The anger and frustration that has built up in Rudolf Vrba during the last 30 years has left its mark. Vrba has made a conscious effort to keep himself totally unaffiliated: he is anti-Zionist, anti-communist, and even somewhat anti-Semitic, particularly with respect to American Jews. A pessimist by virtue of experience, he terms Israel "a potential Auschwitz," speaks of "Zionist megalomaniacs," and says that nothing is more repugnant to him than middle class American Jews demonstrating for Soviet Jewry. ("Let them go to Israel themselves, not send Russian Jews to fight there.")
As for his personal situation, he doesn't doubt that he may see a second holocaust in his lifetime. He refuses, however, to deceive himself into thinking he can combat it. Vrba has little faith in humanity at large, but he does believe that there are noble individuals. "If the Boston Globe suddenly announces tomorrow that there are too many Jews on the faculty of Mass General, I don't know if help will come for me from other Jews, from Jack Smith, or from no one. I saved myself once without any help and perhaps I could do it again. But I'm wary of anyone who tells me 'Don't worry, we'll protect you!' This is what the Zionists told my two brothers, and they never returned from the camps."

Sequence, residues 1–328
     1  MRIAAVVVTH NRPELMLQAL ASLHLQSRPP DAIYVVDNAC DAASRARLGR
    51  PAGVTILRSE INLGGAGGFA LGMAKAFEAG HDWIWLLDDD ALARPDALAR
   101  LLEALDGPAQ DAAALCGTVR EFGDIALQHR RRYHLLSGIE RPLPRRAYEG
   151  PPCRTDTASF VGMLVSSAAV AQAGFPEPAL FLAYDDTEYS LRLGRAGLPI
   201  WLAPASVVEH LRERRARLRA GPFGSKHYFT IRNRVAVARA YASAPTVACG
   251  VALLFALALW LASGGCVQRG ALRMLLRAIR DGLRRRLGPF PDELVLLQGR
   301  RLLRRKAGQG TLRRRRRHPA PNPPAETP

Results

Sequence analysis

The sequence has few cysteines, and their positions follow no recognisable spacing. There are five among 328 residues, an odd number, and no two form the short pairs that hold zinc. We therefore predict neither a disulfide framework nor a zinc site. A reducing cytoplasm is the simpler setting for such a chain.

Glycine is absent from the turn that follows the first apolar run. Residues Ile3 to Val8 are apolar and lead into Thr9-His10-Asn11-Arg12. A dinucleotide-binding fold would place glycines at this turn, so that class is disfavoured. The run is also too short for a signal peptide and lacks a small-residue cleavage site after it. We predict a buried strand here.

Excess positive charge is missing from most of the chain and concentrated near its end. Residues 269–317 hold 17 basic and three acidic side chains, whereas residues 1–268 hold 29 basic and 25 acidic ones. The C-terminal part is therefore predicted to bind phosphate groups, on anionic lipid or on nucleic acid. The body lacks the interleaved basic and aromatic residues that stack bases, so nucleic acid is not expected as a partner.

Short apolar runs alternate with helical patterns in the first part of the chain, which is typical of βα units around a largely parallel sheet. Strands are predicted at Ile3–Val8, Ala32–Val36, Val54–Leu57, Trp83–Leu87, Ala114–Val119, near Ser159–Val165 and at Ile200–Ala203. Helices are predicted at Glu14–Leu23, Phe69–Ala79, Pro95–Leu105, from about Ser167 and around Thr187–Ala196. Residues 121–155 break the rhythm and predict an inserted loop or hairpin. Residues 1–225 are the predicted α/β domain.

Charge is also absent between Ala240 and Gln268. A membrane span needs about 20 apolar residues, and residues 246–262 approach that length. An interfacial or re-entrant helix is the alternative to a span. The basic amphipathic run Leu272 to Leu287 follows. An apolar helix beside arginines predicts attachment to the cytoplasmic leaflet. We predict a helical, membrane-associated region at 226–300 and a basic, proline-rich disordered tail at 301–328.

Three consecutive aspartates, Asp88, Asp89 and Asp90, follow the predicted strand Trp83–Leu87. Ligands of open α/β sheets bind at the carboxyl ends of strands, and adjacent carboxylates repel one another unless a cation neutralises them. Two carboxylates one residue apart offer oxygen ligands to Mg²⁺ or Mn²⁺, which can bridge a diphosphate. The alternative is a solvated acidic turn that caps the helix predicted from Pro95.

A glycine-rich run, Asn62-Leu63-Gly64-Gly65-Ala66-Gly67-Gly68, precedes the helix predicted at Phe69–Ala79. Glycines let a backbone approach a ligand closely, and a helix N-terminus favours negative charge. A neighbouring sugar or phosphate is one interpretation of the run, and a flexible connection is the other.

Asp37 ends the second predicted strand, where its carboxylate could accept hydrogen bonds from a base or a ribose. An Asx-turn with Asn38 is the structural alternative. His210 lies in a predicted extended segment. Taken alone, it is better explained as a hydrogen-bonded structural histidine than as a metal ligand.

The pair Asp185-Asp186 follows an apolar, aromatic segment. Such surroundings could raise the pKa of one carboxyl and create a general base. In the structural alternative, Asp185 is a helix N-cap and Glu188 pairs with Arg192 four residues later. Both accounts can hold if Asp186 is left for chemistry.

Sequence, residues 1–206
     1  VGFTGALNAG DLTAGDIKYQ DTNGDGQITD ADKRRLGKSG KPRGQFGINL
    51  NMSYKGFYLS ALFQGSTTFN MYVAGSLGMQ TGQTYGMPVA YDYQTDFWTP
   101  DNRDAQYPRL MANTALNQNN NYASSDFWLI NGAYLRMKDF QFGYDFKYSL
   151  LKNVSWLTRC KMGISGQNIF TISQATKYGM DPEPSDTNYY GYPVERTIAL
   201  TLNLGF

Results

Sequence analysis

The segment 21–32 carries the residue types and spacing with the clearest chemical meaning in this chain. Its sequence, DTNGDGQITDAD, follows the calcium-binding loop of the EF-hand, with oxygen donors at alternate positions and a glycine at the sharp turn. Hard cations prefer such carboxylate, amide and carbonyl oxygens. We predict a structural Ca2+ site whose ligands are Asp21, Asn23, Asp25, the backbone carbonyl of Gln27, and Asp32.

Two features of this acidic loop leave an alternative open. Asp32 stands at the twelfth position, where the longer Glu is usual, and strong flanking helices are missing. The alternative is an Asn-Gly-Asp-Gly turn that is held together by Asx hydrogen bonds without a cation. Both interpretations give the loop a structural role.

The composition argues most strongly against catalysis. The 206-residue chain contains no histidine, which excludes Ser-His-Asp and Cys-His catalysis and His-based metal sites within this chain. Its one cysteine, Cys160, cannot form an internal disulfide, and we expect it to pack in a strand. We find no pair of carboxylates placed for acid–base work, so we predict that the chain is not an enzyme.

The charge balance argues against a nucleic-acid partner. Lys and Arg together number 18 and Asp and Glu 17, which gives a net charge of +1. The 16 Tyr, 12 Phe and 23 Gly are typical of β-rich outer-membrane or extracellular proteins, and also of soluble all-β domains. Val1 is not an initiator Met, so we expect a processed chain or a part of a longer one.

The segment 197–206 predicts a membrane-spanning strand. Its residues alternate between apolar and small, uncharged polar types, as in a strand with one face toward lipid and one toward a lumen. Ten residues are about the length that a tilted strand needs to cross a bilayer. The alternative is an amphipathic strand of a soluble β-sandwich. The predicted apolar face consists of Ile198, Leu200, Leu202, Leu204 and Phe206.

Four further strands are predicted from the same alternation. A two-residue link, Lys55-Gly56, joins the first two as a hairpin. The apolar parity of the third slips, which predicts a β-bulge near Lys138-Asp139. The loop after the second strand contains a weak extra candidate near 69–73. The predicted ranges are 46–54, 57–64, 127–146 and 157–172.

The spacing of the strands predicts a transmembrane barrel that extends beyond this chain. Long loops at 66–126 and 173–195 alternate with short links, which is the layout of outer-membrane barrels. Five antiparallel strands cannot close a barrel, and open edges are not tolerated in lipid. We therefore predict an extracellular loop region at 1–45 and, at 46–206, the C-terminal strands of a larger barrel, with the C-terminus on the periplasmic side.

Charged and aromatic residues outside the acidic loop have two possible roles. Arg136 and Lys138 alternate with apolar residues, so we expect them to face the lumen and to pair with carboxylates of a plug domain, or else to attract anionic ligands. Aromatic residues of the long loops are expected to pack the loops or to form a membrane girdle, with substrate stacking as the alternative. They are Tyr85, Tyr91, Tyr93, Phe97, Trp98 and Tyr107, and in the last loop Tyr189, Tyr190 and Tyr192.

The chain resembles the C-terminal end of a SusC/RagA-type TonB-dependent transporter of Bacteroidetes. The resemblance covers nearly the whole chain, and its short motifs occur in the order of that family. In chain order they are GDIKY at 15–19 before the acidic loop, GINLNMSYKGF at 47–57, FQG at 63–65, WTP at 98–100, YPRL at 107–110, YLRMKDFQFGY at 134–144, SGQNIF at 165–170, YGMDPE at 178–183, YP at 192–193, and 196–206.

Perhaps the most remarkable thing about Rudolf Vrba is his triumph over his past, his refusal to have allowed Auschwitz to destroy his life. Undoubtedly few of his colleagues in the gastrointestinal research unit at Mass General are aware that he is a key figure in the entire holocaust period, that he is a man who took it upon himself to try to stop the extermination of European Jewry--perhaps the only individual who can make that claim. And this is the way Vrba wants it. His past, though always with him, is a private matter. So for that matter are all his opinions on the subject. He is not anxious to cultivate sympathy or win converts to anti-Zionism. His goal is quite simple: to be allowed to continue his work as a scientist, to be allowed to continue to survive.
Vrba's proudest boast is objectivity. And his claim to it is valid--he is a man in limbo, a man without traditional allegiances. He has no desire to expound on the subject of Zionist collaboration, but when he saw that it was an issue I wanted to pursue, he endeavored to present his case as cogently and unemotionally as possible. At a meeting last week at Phillips Brooks House, when he raised the question of collaboration after a lecture on the holocaust, he was shouted down and insulted. "I have no axe to grind. And if I have shown you one thing, it is, I hope, that I am perhaps only half-crazy."